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Wright v. Smith

United States District Court, Eastern District of California

December 16, 2014

MALCOLM Y. WRIGHT, Plaintiff,
v.
WARDEN SMITH, et al., Defendants

FINDINGS AND RECOMMENDATION RE DEFENDANTS' MOTION FOR SUMMARY JUDGMENT (ECF NO. 50) OBJECTIONS DUE IN THIRTY DAYS

GARY S. AUSTIN, UNITED STATES MAGISTRATE JUDGE

Plaintiff is an inmate currently in North Carolina state custody at the Pamlico Correctional Institution in Bayboro, North Carolina. Plaintiff is proceeding pro se and in forma pauperis with this civil rights action pursuant to Bivens v. Six Unknown Agents, 403 U.S. 388 (1917), based on allegations of events occurring at the United States Penitentiary Atwater while Plaintiff was incarcerated there. This proceeding was referred to this court by Local Rule 302 pursuant to 28 U.S.C. § 636(b)(1). Pending before the Court is Defendants' motion for summary judgment. Plaintiff has opposed the motion.[1]

I. Procedural History

This action proceeds on the January 13, 2011, First Amended Complaint. On October 24. 2011, the Court issued a screening order finding that the First Amended Complaint stated cognizable claims only against Defendants Warden Smith and Lt. Gonzalez for interference with Plaintiffs incoming mail and against Warden Smith, Lt. Gonzales and Lt. Miller for violation of Plaintiffs First Amendment right to freely exercise his religious beliefs. On November 30, 2011, Plaintiff notified the Court of his willingness to proceed only on the claims found cognizable by the Court in the screening order.

II. Allegations

Plaintiff alleges that he arrived at USP Atwater on May 31, 2007, after having been assaulted by inmates while housed at two other prison facilities, and was placed in protective custody in Administrative Segregation (AdSeg). Thereafter, Plaintiff was not allowed adequate access to his personal property, legal property or religious items. Plaintiff alleges that he was harassed by prison staff members and threatened by other inmates; that Defendants interfered with Plaintiffs incoming and outgoing mail; that Plaintiff was not allowed adequate access to medical care, the law library, or outdoor exercise; and finally, that he was not consistently provided his approved religious diet. These deprivations were ordered by Warden Smith, Lt. Gonzales and Lt. Miller.

III. Summary Judgment

Summary judgment is appropriate when it is demonstrated that there exists no genuine issue as to any material fact, and that the moving party is entitled to judgment as a matter of law. Fed.R.Civ.P. 56(c). Under summary judgment practice, the moving party

[always bears the initial responsibility of informing the district court of the basis for its motion, and identifying those portions of "the pleadings, depositions, answers to interrogatories, and admissions on file, together with the affidavits, if any, " which it believes demonstrate the absence of a genuine issue of material fact.
Celotex Corp. v. Catrett 477 U.S. 317

If the moving party meets its initial responsibility, the burden then shifts to the opposing party to establish that a genuine issue as to any material fact actually does exist. Matsushita Elec. Indus. Co. v. Zenith Radio Corp.. 475 U.S. 574, 586 (1986). In attempting to establish the existence of this factual dispute, the opposing party may not rely upon the denial of its pleadings, but is required to tender evidence of specific facts in the form of affidavits, and/or admissible discovery material, in support of its contention that the dispute exists. Rule 56(e); Matsushita, 475 U.S. at 586 n. 11. The opposing party must demonstrate that the fact in contention is material, i.e., a fact that might affect the outcome of the suit under governing law, Anderson, 477 U.S. at 248; Nidds v. Schindler Elevator Corp., 113 F.3d 912, 916 (9th Cir. 1996), and that the dispute is genuine, i.e., the evidence is such that a reasonable jury could return a verdict for the nonmoving party, Matsushita, 475 U.S. at 588; County of Tuolumne v. Sonora Community Hosp., 263 F.3d 1148, 1154 (9th Cir. 2001).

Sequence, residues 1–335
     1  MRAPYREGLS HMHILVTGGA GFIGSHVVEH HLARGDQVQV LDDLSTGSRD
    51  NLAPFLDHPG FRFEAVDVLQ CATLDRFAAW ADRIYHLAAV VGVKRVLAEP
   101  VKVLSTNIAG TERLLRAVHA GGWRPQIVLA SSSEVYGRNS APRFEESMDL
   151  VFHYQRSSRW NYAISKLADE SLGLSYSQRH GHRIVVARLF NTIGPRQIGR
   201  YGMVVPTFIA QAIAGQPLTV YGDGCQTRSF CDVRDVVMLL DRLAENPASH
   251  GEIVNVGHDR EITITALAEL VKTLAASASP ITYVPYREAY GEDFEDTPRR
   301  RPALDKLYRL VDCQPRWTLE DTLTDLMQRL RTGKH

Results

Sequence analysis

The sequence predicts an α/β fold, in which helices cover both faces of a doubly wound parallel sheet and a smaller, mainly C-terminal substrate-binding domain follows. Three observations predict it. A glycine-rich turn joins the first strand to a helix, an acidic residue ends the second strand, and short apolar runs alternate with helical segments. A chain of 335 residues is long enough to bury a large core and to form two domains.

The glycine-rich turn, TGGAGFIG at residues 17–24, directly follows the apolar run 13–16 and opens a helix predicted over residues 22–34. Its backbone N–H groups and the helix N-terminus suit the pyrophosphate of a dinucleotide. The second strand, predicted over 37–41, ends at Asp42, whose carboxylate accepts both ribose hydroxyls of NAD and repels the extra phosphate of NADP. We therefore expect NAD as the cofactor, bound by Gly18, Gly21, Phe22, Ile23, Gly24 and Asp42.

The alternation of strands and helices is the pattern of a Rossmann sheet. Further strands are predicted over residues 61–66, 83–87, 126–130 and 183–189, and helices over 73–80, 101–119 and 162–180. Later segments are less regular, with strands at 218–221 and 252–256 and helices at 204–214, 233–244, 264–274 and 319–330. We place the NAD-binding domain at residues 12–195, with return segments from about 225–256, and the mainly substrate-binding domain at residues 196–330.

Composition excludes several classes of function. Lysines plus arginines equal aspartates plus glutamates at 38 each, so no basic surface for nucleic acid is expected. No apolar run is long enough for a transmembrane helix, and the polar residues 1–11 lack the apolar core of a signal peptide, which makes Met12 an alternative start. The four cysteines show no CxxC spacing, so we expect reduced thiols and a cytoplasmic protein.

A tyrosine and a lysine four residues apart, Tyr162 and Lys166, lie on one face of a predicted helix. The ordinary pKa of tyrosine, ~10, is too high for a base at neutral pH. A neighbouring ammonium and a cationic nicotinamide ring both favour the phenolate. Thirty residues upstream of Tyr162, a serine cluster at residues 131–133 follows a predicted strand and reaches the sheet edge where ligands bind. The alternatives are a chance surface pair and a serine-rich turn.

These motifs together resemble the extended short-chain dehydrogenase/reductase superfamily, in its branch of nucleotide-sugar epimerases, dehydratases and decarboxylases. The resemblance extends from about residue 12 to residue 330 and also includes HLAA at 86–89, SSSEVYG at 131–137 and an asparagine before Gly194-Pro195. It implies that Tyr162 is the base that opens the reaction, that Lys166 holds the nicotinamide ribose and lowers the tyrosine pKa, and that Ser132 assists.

In the endeavor to establish the existence of a factual dispute, the opposing party need not establish a material issue of fact conclusively in its favor. It is sufficient that "the claimed factual dispute be shown to require a jury or judge to resolve the parties' differing versions of the truth at trial." Giles v. Gen. Motors Acceptance Corp., 494 F.3d 865, 872 (9th Cir. 2007). Thus, the "purpose of summary judgment is to 'pierce the pleadings and to assess the proof in order to see whether there is a genuine need for trial.'" Matsushita, 475 U.S. at 587 (quoting Fed.R.Civ.P. 56(e) advisory committee's notes on 1963 amendments).

In resolving the summary judgment motion, the court examines the pleadings, depositions, answers to interrogatories, and admissions on file, together with the affidavits, if any. Rule 56(c). The evidence of the opposing party is to be believed, Anderson, 477 U.S. at 255, and all reasonable inferences that may be drawn from the facts placed before the court must be drawn in favor of the opposing party. Matsushita, 475 U.S. at 587 (citing United States v. Diebold, Inc., 369 U.S. 654, 655 (1962)(per curiam)). Nevertheless, inferences are not drawn out of the air, and it is the opposing party's obligation to produce a factual ...


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